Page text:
What excites you about teaching and learning?
What excites me about USQ is that our Faculty of Education has a full range of degrees, ranging from early childhood education through to the adult learning. School teachers are at the front line of education. I can see school teachers as the future leaders of career development learning in education. When it comes to the philosophy of education, I tend to follow John Dewey and William James in the pragmatic American tradition, and Bertrand Russell in the English tradition. Although their views on education differ somewhat, they agree upon the intrinsic value of education. So, what excites me most about teaching and learning is living up to one of Dewey’s ideas: that education is growth. This makes complete sense from a career development learning perspective, because it becomes the lens through which a student focuses upon learning as growth.
How do you motivate your students?
My view is that if you want people to learn something they are better off learning it through their own eyes and experience. For example, in one of my post graduate courses students learn about all the theories of career by conducting their own assessments of their careers. In other words, they use themselves as a case study and use the theories and concepts to explore and understand the case data. They are interpreting an assessment of themselves in terms of career development theory so they learn the theory along the way and they also learn about themselves and develop their career. Another assessment is then they have to do the same exercise but with another student.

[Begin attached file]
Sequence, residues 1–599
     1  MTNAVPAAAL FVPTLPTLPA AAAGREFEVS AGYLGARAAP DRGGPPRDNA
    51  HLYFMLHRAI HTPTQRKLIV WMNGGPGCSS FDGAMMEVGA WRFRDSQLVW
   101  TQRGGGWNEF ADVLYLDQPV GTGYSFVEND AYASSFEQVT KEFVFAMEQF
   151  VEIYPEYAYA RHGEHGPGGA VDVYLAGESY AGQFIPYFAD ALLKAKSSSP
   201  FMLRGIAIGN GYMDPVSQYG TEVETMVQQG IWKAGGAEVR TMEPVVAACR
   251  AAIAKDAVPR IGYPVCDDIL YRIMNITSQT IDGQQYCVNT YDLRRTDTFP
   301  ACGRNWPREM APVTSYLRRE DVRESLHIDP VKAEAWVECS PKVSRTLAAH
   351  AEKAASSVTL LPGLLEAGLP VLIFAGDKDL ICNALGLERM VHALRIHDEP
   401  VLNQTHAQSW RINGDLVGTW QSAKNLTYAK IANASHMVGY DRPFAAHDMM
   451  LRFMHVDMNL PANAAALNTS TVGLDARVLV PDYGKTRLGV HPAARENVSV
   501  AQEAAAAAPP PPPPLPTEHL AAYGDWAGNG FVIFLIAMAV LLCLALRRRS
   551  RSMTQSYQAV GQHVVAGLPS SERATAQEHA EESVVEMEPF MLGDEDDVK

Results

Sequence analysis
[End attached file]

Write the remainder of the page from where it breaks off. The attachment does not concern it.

Tell us about the grant/award you won from ALTC (OLT) or USQ?
It involved a team of my colleagues from Wollongong University, Monash University, RMIT University and Flinders University. We won an ALTC grant to investigate the links and the potential for better development between career development learning and work integrated learning. It was a really useful project in the sense that it enabled a number of scholars and careers services in universities to think carefully about work integrated learning and how their services can make a solid contribution. It was a project of over a year and a half worth approximately $215,000. That project is the groundwork for my current research into career development learning.
What is your favourite place in the world and why?
In Italy my favourite places are Florence, Siena, Padova, and Ferrara. I visited in 2000 and 2007 and everyday hatch some new plan to go again and again. I love the Italian way of life, not to mention the food. There is nothing like waking up to sound of bells, the smell of coffee and a pasticceria. And fruit that tastes like it should--peaches that taste like peaches.
What is the best piece of advice you have received?
I have received lots of good advice – I am not sure if there has ever been a best one. I remember when I started my first job as a psychologist, a good friend of mine said, ‘Peter, expenditure rises to meet income – take your first pay check and spend it, thereafter you will have bills for the rest of your life’.